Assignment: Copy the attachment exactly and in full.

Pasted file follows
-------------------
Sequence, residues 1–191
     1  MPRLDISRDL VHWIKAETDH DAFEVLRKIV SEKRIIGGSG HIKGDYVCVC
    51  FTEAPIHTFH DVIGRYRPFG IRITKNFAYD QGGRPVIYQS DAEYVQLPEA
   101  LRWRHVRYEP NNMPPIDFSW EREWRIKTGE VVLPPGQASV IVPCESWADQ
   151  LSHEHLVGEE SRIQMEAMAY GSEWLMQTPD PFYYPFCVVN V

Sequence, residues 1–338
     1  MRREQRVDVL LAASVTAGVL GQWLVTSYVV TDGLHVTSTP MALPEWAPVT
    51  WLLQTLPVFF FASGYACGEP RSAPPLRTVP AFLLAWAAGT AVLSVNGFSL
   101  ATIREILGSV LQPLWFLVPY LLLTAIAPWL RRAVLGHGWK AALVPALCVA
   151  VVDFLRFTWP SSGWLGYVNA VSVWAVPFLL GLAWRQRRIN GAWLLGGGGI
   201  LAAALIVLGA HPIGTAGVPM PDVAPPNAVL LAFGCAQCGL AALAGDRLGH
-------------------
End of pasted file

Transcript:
Sequence, residues 1–191
     1  MPRLDISRDL VHWIKAETDH DAFEVLRKIV SEKRIIGGSG HIKGDYVCVC
    51  FTEAPIHTFH DVIGRYRPFG IRITKNFAYD QGGRPVIYQS DAEYVQLPEA
   101  LRWRHVRYEP NNMPPIDFSW EREWRIKTGE VVLPPGQASV IVPCESWADQ
   151  LSHEHLVGEE SRIQMEAMAY GSEWLMQTPD PFYYPFCVVN V

Sequence, residues 1–338
     1  MRREQRVDVL LAASVTAGVL GQWLVTSYVV TDGLHVTSTP MALPEWAPVT
    51  WLLQTLPVFF FASGYACGEP RSAPPLRTVP AFLLAWAAGT AVLSVNGFSL
   101  ATIREILGSV LQPLWFLVPY LLLTAIAPWL RRAVLGHGWK AALVPALCVA
   151  VVDFLRFTWP SSGWLGYVNA VSVWAVPFLL GLAWRQRRIN GAWLLGGGGI
   201  LAAALIVLGA HPIGTAGVPM PDVAPPNAVL LAFGCAQCGL AALAGDRLGH